We did it. We survived a road trip with older kids.
Three weeks, 6,000 km (3,800 miles), 5 American States, 2 Canadian Provinces, and one 1991 VW Westfalia Vanagon. Without air conditioning. With two teenaged boys.
We’ve done quite a few epic road trips with our boys since they were toddlers. Like Cannes to Paris, France, in a day. (We arrived in Paris near midnight, and promptly got lost in the Bois du Boulogne. Do not recommend.) And from Vancouver, British Columbia, to Drumheller, Alberta. Destination: Dinosaurs at the Royal Tyrell Museum. They have all been fun, and memorable, and largely successful, as this latest summer road trip was.
Our kids are great travellers, and like any of us, their happiness is based on some key things while on the road, especially on a long road trip. (This year, it was Banff, Alberta, via the Bay Area of California. It’s a long story.) The great thing is that you can survive a road trip with older kids too! Just follow our nine tips and you’ll be free-wheeling and road trippin’ in no time.
- 1 How to Survive a Road Trip with Older Kids
How to Survive a Road Trip with Older Kids
1. Ensure they’ve had a hand in the trip planning
We’re big advocates for travel planning as a family, and that’s how we approached this summer’s travel season. When we asked our kids where they wanted to go (and how), their replies included ‘Banff’ and ‘road trip’. Their personal investment in our trip plan helped to ensure that; 1. they were keen to travel with their parents (not a given with teenagers!) and; 2. they were travelling somewhere they actually wanted to go. These are both pretty important elements to enjoying a successful family holiday.
Now, along the way there were items that required some negotiating and compromise, but really, it wasn’t much. More along the line of how long to spend in certain places, or whether to seek relief from the desert heat of Nevada in a air-conditioned hotel versus camping (the hotel won unanimously). In learning how to travel well together, the necessity of compromise is an important lesson for everyone.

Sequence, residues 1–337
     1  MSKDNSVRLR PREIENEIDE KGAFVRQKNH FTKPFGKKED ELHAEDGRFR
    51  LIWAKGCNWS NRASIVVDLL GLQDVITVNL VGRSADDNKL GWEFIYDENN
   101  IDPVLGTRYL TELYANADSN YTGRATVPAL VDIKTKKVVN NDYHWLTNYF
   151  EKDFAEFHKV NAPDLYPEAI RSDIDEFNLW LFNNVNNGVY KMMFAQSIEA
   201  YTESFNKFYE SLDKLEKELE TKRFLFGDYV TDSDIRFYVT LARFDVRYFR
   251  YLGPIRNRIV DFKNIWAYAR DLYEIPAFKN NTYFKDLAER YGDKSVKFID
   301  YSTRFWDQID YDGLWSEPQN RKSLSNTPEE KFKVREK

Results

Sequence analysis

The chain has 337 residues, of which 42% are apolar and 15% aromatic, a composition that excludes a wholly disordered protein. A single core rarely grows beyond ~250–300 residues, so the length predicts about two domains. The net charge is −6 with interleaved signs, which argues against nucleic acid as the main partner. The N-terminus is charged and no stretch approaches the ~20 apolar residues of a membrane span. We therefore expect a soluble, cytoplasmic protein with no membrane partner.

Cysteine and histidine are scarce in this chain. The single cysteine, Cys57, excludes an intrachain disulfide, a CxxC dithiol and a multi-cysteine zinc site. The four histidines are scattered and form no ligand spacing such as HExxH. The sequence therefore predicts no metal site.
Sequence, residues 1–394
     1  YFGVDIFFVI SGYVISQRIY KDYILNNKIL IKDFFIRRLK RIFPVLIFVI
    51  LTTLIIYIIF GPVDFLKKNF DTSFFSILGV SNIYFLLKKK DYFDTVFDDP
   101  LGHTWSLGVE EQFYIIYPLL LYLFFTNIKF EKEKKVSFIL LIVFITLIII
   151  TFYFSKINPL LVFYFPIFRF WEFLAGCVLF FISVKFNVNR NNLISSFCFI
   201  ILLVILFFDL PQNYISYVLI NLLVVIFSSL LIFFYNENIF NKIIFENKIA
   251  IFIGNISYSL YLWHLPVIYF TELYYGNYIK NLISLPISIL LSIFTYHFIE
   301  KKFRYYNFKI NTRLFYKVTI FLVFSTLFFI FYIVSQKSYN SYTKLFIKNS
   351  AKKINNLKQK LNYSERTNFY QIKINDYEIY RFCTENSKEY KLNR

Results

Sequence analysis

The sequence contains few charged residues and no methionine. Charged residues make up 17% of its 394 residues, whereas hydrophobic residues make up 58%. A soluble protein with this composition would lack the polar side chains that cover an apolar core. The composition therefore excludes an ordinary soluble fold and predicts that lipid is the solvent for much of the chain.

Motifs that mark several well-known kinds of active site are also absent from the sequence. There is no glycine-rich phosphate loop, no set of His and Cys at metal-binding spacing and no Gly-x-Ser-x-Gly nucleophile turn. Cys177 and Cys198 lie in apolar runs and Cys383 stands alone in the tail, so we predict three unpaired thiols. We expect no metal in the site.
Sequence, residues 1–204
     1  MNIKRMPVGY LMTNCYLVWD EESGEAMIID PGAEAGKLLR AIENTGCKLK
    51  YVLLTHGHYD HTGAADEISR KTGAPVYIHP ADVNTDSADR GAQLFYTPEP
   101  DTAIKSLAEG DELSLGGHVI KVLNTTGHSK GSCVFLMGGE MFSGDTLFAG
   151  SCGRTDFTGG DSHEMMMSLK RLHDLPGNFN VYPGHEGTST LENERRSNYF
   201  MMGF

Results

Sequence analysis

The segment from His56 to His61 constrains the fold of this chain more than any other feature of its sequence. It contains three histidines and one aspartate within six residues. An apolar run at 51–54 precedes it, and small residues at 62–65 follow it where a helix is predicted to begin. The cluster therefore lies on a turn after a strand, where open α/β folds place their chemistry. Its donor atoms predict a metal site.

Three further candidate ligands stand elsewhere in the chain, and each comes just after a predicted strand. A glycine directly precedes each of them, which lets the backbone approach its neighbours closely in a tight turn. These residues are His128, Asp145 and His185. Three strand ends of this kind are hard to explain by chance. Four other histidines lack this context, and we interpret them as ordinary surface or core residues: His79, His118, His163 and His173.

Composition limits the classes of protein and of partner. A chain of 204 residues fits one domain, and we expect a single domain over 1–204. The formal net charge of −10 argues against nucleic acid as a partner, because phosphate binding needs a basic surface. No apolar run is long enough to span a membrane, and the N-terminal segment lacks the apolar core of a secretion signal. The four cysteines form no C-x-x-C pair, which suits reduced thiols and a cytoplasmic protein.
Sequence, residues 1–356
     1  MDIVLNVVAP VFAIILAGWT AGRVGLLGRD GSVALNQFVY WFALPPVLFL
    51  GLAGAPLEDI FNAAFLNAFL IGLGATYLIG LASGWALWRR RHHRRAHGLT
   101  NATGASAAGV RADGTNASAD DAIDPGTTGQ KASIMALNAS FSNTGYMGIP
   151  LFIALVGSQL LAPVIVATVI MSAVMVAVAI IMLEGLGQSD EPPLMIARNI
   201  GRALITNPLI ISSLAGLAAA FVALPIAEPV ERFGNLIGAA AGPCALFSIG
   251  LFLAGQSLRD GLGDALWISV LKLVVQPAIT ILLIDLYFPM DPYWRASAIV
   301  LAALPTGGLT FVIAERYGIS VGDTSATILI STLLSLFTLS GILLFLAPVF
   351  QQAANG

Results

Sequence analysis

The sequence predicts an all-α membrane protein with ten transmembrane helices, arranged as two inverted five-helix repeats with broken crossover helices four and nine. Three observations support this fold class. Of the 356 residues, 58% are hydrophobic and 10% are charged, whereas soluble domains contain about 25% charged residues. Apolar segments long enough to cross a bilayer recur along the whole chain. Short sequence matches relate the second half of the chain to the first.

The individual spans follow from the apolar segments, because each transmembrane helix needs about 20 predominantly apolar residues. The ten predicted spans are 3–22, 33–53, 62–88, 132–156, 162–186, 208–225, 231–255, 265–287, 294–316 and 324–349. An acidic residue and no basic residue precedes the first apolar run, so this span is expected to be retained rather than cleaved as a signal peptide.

2. Take a Break
Rest stop yoga, anyone? Driving hours without a break isn’t fun. Keep a lookout for the pullout signs and take frequent stretch (and bathroom) breaks to rejuvenate. Historical sites and markers are also wonderful pit stops, with the added value of educational information. Of course, the power of ice cream parlors to work miracles in boosting sagging spirits in the mid-afternoon is well-documented. In our household anyway.
3. Daily Wifi Access
We’ve tried to fight it, but it’s nearly impossible, especially with older kids. Without fail, the first question upon crossing the hotel threshold was, “What’s the Wifi Password?” Our teens needed their daily connection fix, which usually happened at night time in a hotel room (when we weren’t camping). It is important for kids (especially older ones) to be connected with their friends via social media, though I do believe they can live without it for a few days! The key is to find the common ground of how much is mutually acceptable, without veering into the extremes of none, or all the time.
4. Choose Activities Wisely
It’s so much easier to get kids excited about a trip or particular travel day when their interests have been included. Do your kids enjoy active travel, such as hiking, biking or zip lining? Do they prefer quieter pursuits, museum visits or shopping? Do you have theme-park-crazy, or beach + ocean fans in your family? Plan your travel accordingly, and everyone will be much happier for it. We planned and managed to get three great hikes in during our visit to Banff and Lake Louise, which made our boys very, very happy.